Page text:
A number of businesses have given different definitions of marketing. This is because marketing is a wide topic that cannot be fully captured from a single perspective. Gattorna has advanced that “marketing is the social process by which individuals and groups obtain what they need and want through creating and exchanging products and value with others.” Barney on the other hand intones that “marketing is the management process that identifies, anticipates and satisfies customer requirements profitably.”
The use of McCarthy’s four been has been used by Barney in stating that “marketing is essentially about marshaling the resources of an organization so that they meet the changing needs of the customer on whom the organization depends.” A more recent definition that matches capabilities and demands of the market has been presented by Caniëls and Gelderman in stating that “marketing is the process whereby society, to supply its consumption needs, evolves distributive systems composed of participants, who, interacting under constraints – technical (economic) and ethical (social) – create the transactions or flows which resolve market separations and result in exchange and consumption.”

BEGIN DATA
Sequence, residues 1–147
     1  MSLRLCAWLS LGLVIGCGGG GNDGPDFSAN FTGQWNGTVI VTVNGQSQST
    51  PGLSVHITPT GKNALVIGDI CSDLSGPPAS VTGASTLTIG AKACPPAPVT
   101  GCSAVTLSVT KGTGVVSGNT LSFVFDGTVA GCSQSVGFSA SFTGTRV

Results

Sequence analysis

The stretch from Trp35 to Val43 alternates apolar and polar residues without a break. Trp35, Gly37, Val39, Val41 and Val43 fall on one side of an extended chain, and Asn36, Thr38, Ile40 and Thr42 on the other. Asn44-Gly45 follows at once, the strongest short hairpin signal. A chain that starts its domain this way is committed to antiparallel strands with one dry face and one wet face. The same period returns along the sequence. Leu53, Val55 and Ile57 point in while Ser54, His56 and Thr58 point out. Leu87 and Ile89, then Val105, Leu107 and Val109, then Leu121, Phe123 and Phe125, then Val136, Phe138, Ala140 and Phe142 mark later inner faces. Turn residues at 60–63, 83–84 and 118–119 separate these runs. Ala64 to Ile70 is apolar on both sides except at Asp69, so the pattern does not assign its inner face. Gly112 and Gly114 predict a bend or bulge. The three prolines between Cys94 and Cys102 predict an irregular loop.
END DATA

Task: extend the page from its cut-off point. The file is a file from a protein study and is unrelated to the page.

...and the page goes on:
Whereas the terms of the definitions differ, it is discerned that marketing efforts are customer-focused. In addition to the above, all the four above definitions aid in the fact that marketing as a process is a philosophy, not an event in an organization, and demands careful allocation of resources. The broad recent definition that has been advanced by Gottfredson and Puryear however, tries to include all elements and systems that constitute marketing from product development to customer level.